Pedro TimÃ³teo has posted a small rant on his blog:
I have worked as a sysadmin (mostly Unix / Linux) for most of my professional life (not right now, though), and Iâ€™ve been meaning to write a few thoughts about it for a while.
My experience is that working as a sysadmin is, to me, interesting and fulfilling on a technical level, but ultimately disappointing and frustrating on a career and personal level. Why is that?
My thoughts –
This is true if you work for a small shop.
But if you work for a big shop (>=5000 servers) then you donâ€™t get disappointed at all. For example my team is responsible for running apps 24x7x365 days. My job is not writing cutting edge software or network engineering. Generally we get product from our development team, we run scalability testing, make changes to our cluster and fine tune system for the app. We configure all servers and deploy our app. Next comes the maintenance and troubleshooting. If there is a downtime, we are called upon to fix the problems. Trust me everyday I see new challenges 🙂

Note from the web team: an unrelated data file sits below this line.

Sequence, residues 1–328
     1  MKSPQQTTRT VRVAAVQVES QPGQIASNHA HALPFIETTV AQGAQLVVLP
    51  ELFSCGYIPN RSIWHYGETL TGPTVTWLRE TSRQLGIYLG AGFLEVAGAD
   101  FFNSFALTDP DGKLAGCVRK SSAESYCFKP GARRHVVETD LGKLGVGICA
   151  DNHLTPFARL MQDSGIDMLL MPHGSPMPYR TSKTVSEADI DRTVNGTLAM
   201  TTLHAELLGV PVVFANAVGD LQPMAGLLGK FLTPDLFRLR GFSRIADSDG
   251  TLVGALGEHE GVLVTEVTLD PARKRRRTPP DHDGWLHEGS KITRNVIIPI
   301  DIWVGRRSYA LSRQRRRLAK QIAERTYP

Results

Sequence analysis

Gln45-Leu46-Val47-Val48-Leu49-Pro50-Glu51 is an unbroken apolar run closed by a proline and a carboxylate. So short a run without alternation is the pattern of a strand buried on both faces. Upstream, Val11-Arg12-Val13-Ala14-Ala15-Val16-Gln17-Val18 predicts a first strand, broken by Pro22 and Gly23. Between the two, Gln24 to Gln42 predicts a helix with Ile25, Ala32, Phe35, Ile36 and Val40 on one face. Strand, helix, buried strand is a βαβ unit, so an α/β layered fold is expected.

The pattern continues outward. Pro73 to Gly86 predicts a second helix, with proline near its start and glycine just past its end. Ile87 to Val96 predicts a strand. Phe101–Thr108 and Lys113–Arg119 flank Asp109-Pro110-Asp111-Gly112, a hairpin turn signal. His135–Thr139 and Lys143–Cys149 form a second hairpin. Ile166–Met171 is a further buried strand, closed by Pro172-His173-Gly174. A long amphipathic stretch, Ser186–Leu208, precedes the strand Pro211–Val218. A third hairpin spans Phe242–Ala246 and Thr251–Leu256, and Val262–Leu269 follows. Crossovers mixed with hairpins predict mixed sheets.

What do you think? Please add your thoughts in the comments!
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|Category||List of Unix and Linux commands|
|Disk space analyzers||ncdu • pydf|
|Firewall||Alpine Awall • CentOS 8 • OpenSUSE • RHEL 8 • Ubuntu 16.04 • Ubuntu 18.04 • Ubuntu 20.04|
|Network Utilities||NetHogs • dig • host • ip • nmap|
|OpenVPN||CentOS 7 • CentOS 8 • Debian 10 • Debian 8/9 • Ubuntu 18.04 • Ubuntu 20.04|
|Package Manager||apk • apt|
|Processes Management||bg • chroot • cron • disown • fg • jobs • killall • kill • pidof • pstree • pwdx • time|
|Searching||grep • whereis • which|
|User Information||groups • id • lastcomm • last • lid/libuser-lid • logname • members • users • whoami • who • w|
|WireGuard VPN||Alpine • CentOS 8 • Debian 10 • Firewall • Ubuntu 20.04|